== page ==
BERLIN, March 23 (Reuters) – The families that control German automaker Volkswagen (VOWG_p.DE) will receive 391 million euros ($425 million) in dividends for 2022 from their holding company Porsche SE (PSHG_p.DE), the company said on Thursday.
Porsche SE proposed a dividend of 2.56 euros per preferred share and 2.554 euros per ordinary share and said dividends would increase once targets to cut debt have been met.
The Porsche and Piech families behind the unlisted holding company Porsche SE are the most powerful voice in Europe’s top carmaker Volkswagen and the newly-listed Porsche AG via a complex cross-holding structure.
In its statement on Thursday, Porsche SE said it aimed to reduce its net debt by up to 16% by the end of 2023 compared to the previous year following its purchase of an equity stake in Porsche AG.
That would cut debt to between 6.1 billion euros and 5.6 billion euros from 6.7 billion euros ($7.3 billion) at the end of 2022.
Porsche SE chair Hans Dieter Poetsch said the company had “a solid financing and repayment plan in place,” backed by profits from the group, as well as dividend inflows from Volkswagen and Porsche.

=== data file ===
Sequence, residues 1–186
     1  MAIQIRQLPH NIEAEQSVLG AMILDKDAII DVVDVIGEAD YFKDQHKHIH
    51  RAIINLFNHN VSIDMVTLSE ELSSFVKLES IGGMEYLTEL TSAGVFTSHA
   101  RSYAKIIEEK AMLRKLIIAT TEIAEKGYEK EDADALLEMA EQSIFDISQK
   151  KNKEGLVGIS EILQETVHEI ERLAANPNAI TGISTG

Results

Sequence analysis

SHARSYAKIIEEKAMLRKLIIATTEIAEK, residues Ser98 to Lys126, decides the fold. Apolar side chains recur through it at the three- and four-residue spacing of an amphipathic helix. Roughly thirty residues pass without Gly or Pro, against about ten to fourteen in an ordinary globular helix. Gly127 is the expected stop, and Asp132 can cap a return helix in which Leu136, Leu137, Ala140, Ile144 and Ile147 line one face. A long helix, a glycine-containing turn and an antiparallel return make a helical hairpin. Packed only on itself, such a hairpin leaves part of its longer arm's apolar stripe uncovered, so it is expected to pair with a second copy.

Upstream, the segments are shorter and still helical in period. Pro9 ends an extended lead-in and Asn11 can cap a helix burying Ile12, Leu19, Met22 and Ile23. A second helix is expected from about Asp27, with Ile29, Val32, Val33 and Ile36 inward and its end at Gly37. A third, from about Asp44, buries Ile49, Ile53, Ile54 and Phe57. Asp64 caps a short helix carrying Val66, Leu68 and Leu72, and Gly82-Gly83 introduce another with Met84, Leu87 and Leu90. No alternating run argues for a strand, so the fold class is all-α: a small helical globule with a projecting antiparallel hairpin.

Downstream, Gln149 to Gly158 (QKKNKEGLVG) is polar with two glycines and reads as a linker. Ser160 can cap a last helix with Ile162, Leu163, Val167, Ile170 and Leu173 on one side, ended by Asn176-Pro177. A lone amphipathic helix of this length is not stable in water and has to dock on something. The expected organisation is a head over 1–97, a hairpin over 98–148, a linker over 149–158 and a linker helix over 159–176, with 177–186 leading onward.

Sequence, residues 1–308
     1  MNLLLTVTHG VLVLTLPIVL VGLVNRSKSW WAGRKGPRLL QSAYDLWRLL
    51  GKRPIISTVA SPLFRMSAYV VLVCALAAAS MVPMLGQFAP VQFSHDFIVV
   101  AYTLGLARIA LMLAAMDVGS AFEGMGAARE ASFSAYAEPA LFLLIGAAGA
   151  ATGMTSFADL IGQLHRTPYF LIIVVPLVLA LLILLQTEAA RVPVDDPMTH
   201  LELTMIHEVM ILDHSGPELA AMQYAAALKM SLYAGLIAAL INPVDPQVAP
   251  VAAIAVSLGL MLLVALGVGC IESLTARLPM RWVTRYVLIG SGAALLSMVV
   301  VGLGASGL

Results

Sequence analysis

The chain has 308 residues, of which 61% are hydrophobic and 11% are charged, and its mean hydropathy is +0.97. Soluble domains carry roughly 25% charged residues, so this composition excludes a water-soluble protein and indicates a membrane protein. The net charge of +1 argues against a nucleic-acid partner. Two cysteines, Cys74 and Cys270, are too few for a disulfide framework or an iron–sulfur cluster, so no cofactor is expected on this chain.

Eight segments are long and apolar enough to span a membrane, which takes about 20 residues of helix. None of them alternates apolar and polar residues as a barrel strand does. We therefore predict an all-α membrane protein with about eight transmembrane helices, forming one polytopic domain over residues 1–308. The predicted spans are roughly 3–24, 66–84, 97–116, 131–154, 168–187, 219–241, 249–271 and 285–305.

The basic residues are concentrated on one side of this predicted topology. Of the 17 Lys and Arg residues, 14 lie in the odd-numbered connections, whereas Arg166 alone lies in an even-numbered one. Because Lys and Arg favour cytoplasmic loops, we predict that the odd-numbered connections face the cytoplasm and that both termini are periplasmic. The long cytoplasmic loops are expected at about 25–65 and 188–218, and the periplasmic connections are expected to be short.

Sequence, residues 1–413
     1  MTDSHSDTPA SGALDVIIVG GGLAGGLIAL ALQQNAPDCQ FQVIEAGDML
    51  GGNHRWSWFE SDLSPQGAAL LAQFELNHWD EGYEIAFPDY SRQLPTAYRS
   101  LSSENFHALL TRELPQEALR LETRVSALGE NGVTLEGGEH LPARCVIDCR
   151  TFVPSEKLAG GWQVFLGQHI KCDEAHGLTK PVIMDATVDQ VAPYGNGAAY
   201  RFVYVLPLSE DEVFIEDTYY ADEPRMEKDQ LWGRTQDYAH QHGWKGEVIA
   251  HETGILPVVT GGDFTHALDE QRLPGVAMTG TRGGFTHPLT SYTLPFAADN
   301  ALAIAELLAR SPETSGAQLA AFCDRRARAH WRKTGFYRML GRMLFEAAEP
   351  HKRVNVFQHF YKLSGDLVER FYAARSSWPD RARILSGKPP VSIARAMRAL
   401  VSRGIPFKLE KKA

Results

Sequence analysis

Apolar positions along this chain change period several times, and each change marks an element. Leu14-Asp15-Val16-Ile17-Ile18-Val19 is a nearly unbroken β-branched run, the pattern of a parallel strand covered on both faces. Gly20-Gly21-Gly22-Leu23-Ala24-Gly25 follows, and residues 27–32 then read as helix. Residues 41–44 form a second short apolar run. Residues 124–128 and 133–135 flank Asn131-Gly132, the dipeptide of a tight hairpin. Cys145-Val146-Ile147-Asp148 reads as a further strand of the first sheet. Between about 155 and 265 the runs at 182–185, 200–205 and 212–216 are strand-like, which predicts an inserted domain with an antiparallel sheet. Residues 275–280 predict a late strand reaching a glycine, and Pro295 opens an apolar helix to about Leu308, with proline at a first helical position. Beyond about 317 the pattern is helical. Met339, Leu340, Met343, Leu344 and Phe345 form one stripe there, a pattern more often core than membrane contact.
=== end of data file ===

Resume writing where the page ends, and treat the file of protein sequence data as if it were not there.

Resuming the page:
CEO Oliver Blume said that dividend payments would increase once the company’s debt had been reduced.
Increased profits at VW helped Porsche SE’s group result to climb by 200 million euros to 4.8 billion euros last year. For 2023, Porsche SE expects group profit after tax of between 4.5 billion euros and 6.5 billion euros.
Luxury carmaker Porsche AG, previously part of Volkswagen AG, became an independent company via a stock market listing in September last year.
Under the listing’s terms, Porsche AG’s shares were split into preferred shares – 25% of which were listed on the stock market – and ordinary shares, which carry voting rights.
Through the Porsche SE holding company, the two controlling families own a majority of voting rights in Volkswagen and a portion of voting rights in the newly-listed Porsche AG – with the remainder held by Volkswagen.
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Reporting by Ilona Wissenbach, Writing by Friederike Heine, Editing by Kirsti Knolle, Christina Fincher and Barbara Lewis
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